RNA-Seq analysis using Qlucore

Qlucore Omics Explorer Stanford University, US

Using induced Pluripotent Stem Cells (iPSCs) to study molecular mechanisms in Dilated Cardiomyopathy


iPSCs are cells generated from adult cells such as human skin or blood, and can potentially differentiate into any kind of human cell. They are a promising new field of research yielding novel insights into molecular mechanisms of disease, which is hoped to lead to new and better treatments. Dr Elena Matsa is a cell biologist and iPSC specialist at Stanford University in California, USA. She is in charge of ongoing studies on Dilated Cardiomyopathy (DCM), a fatal heart disease. DCM has various causes, one of which is mutations in genes involved in sarcomeric proteins in the heart muscle, which make the heart muscle baggy and thin so it can no longer pump blood efficiently. Dr. Matsa uses iPSCs for studying cardiovascular disease within a wider research remit looking at biological mechanisms of adult stem cells, embryonic stem cells and iPSCs in general. The lab uses next generation sequencing, tissue engineering, physiological testing, and molecular imaging technologies.

Technical situation

Dr Elena Matsa is using Qlucore's Omics Explorer to analyze data from studies that use iPSCs to understand molecular mechanisms in Dilated Cardiomyopathy (DCM), the third leading cause of heart failure in the US. The experiments are carried out on tissue from genetically affected DCM patients. Heart muscle cells (cardiomyocytes) are collected from these individuals if they have heart surgery. iPSCs are made from ‘reprogrammed' skin or blood cells from the same patients and then turned into beating heart muscle cells for direct comparison. Since the technique for making iPSCs is relatively new, one aim of the DCM studies is to assess whether 'lab-made' heart cells are a good representation of equivalent adult human cells.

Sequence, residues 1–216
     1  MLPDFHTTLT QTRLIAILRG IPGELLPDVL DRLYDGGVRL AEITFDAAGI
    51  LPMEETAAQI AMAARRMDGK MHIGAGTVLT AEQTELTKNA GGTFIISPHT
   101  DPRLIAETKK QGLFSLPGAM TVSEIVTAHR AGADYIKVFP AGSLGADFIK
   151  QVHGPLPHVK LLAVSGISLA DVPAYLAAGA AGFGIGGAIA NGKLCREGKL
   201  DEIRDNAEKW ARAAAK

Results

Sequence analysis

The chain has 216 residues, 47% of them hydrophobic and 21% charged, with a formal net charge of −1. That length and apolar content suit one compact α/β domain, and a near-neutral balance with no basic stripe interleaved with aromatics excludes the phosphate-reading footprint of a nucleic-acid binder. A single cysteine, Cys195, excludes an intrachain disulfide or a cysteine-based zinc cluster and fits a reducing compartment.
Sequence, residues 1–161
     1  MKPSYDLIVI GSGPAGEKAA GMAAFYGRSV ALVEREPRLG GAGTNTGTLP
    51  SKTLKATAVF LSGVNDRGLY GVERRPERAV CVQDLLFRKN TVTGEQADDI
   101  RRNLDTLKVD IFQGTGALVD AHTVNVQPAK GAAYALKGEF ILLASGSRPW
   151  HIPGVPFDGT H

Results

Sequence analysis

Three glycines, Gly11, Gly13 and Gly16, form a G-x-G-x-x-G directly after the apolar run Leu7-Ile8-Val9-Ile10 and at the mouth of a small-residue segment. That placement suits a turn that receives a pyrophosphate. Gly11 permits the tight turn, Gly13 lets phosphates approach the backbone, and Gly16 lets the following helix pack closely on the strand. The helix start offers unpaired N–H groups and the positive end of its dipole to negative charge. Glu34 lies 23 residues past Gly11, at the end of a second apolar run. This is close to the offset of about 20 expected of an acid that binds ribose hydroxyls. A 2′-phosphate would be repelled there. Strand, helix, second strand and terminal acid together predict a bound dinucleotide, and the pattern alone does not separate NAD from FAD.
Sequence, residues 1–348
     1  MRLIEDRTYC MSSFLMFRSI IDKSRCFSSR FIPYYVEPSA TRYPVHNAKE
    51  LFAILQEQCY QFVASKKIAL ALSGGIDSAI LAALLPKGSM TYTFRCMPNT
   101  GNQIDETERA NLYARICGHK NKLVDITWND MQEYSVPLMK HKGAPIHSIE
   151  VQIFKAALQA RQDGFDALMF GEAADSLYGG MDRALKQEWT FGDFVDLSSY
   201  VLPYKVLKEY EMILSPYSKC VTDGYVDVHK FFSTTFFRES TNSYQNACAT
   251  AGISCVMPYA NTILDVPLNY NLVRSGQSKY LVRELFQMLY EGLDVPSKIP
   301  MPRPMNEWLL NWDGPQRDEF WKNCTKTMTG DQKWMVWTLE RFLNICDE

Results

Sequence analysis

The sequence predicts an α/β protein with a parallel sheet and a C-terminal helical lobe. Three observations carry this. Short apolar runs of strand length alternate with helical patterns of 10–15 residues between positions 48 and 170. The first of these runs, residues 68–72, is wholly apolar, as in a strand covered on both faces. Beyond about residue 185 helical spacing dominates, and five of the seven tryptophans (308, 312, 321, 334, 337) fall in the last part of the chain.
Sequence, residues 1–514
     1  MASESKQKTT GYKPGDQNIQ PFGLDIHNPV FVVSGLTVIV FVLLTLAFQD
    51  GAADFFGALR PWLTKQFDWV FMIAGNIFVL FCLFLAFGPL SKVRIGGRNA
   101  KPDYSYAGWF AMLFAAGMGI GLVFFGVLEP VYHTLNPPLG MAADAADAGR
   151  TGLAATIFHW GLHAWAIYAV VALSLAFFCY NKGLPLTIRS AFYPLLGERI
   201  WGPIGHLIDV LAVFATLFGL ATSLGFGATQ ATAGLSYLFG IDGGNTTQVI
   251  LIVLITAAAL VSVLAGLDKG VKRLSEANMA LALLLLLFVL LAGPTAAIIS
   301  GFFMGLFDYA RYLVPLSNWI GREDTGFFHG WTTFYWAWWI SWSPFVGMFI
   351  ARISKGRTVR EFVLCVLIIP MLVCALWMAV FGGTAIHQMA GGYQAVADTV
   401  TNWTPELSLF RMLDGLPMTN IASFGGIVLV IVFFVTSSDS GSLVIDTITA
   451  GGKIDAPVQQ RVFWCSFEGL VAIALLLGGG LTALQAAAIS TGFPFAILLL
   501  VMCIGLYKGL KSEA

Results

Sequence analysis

A second goal is to see how both cell types respond to various drugs, such as beta-blockers, used to treat DCM. "If the two types of heart cell respond similarly, it means we can potentially do pre-clinical drug tests on iPSC cardiomyocytes confident that the results will accurately predict how the real human heart will react to a new drug before it is released on the market," explains Dr Matsa.


To compare the heart cell behaviors, the lab carries out RNA sequencing and looks at differences in gene expression. Data is then uploaded into Omics Explorer. "Right now we are performing principal component and hierarchical heat map analyses to see how the samples are clustering and we identify genes that can group together the heart tissue and cardiomyocytes from the same patient,“ says Dr Matsa. “We then look at the ontologies of the genes to compare similarities and differences between the two."


"We have a high volume of experiments and we want results promptly. The Qlucore software is definitely helping," she says. "It means that cell biologists like myself can look at data, analyze and perform statistical analyses for a presentation or a paper without having to go through our bioinformatician." 

She adds: "With Qlucore, you can see how things are changing in real time when you set a p-value cut-off for statistical analysis. Also it's flexible, so you can run custom R scripts if required." Dr Matsa and her team are hoping that most analyses can eventually be done on Omics Explorer, including incorporation of different normalization strategies. The lab is also thinking of using Qlucore more for other types of analyses such as methylomesequencing and ChIP-sequencing looking at epigenetic modifications associated with heart disease and response to drug treatment. “These analyses would deepen our understanding regarding the mechanisms involved in these processes, and could facilitate the discovery of novel therapies“, says Dr Matsa.